The gold standard is the Polymerase chain reaction test (PCR) – aka the nose swab. And since positive antigen tests, whether given at home or in the hospital, are always backed up with a PCR, she recommends sticking with the nose swab.
“If you are concerned enough to do a home test you would be better off doing a PCR test and then isolating yourself from others until the result comes back,” she says. “A negative antigen test is not a ticket to go roam free, especially if you have symptoms.”
Devin Huntley, COO at Providence St. Joseph, notes that Salish Kootenai College and Montana State University have teamed up to research the efficacy of home testing.
“The at-home tests are somewhat new to the market and they have received mixed reviews,” he adds. “Believe it or not, one of the biggest hurdles we’ve heard is that the instructions can be difficult to follow.”
As far as accuracy is concerned, much of that depends on how precise the sample collection is. “The important thing to remember is that we are blessed to have such a vibrant healthcare community in this valley,” he adds. “If you aren’t feeling good please go to the hospital.”
Ultimately, I did decide to take the PCR test (it’s really not that bad) and should know by Monday whether it’s safe for me to consort this week with my 80-year-old friends.
Lake County Testing Information
Providence St. Joseph, Polson: The drive-through testing clinic (located west of the hospital) is open weekdays from 8:30 a.m.-4:30 p.m. (patients register by phone when they pull into line). Testing is available for those with mild symptoms or needing a test prior to surgery or travel. Those with more severe symptoms should visit the hospital’s walk-in clinic, open 8 a.m.-7 p.m. daily, or the emergency room.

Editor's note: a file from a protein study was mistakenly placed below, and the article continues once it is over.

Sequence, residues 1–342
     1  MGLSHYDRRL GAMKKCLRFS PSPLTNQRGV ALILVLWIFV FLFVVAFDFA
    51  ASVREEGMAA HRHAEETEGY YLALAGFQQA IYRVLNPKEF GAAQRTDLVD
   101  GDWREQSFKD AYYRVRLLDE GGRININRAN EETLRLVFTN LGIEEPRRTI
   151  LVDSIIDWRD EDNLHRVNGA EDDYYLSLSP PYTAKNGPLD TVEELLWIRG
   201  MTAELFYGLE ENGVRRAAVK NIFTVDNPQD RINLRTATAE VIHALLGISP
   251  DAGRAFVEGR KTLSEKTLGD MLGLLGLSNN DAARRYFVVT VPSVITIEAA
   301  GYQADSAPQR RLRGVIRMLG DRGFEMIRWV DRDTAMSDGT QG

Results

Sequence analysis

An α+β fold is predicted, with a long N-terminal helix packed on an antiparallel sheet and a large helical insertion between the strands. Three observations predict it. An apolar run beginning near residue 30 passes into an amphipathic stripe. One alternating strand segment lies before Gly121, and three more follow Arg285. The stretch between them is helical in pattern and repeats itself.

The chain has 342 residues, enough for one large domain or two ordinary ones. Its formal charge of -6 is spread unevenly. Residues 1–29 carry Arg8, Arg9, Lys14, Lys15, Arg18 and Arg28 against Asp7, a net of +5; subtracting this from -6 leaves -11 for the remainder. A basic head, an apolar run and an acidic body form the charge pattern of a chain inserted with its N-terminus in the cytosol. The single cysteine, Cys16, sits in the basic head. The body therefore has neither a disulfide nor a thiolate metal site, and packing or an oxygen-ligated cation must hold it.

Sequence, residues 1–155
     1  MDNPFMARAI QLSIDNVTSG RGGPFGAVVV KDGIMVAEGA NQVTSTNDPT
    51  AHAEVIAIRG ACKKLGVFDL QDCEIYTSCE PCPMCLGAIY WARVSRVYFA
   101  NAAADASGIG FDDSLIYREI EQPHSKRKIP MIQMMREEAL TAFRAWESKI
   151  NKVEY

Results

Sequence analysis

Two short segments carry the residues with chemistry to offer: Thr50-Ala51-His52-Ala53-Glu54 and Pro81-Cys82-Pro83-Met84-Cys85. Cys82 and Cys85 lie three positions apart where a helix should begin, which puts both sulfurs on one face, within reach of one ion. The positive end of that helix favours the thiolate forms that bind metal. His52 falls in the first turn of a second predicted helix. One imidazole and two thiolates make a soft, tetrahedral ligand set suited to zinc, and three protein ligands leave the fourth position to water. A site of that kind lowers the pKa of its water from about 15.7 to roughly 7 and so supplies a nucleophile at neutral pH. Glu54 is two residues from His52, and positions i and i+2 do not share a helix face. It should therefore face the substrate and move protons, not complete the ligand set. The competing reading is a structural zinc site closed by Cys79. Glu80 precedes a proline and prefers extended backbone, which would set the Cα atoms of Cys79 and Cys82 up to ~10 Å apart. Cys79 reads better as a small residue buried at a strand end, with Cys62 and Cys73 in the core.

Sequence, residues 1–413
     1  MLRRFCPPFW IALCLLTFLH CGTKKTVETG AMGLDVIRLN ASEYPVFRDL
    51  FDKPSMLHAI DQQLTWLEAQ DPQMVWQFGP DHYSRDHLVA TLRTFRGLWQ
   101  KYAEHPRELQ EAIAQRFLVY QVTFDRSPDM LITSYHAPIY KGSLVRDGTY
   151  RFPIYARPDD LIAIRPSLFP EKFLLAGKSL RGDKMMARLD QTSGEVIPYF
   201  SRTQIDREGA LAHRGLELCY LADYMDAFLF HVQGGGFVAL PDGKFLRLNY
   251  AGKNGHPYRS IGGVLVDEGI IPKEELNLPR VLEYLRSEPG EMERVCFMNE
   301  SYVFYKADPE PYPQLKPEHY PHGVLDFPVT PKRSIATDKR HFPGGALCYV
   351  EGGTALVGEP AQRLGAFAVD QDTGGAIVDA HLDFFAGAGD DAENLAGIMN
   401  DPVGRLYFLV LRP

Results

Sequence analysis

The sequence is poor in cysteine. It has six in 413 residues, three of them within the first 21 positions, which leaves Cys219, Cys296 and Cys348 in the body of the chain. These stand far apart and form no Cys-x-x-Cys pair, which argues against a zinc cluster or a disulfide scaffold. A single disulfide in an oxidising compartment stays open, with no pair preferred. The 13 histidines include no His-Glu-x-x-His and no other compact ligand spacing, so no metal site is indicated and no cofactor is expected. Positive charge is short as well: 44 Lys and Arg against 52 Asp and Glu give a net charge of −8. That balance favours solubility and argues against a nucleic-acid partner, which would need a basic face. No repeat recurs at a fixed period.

For more information, visit www.providence.org/locations/mt/st-joseph-medical-clinic-polson or call 883-5680.
St. Luke Community Healthcare, Ronan: A drive-through option is available from 8 a.m.-5 p.m. at the clinic for those who want to be tested or need a test for surgical procedures or travel (although they can’t promise results in less than 72 hours). Call 676-3600 for appointments. Convenient Care is open for walk-in testing from 11 a.m.-12:30 p.m. Saturdays and Sundays.
Those with symptoms who would like to be seen by a provider are directed to Convenient Care, open 10 a.m.-6 p.m. weekdays and 10 a.m.-2 p.m. weekends. Emergency services are available around the clock. Details are available at stlukehealthcare.org or on the hospital’s Facebook page.
Tribal Health Department: Tribal Health offers free COVID testing to tribal members from 8:30 a.m.-4 p.m. weekdays at the Salish Kootenai College clinic (call 745-3525 for appointments) and is making home-testing kits available. The mobile clinic will also offer screening as staff becomes available; check the Tribal Health Facebook page for updates.
Vaccines: With a vaccine rate of 58%, Lake County still has room for improvement. Both Moderna and Pfizer COVID vaccines are available from local healthcare providers, Tribal Health and pharmacies across the Lake County. Pfizer booster shots have just been authorized for those 65 years and older and residents in long-term care settings six months after their last shot. Younger people with underlying medical conditions or who are at increased risk for COVID-19 exposure and transmission due to occupation or institutional settings are also eligible.
The Food and Drug Administration is currently reviewing data for a Moderna booster, but hasn’t received an application from Johnson & Johnson for a booster of its vaccine.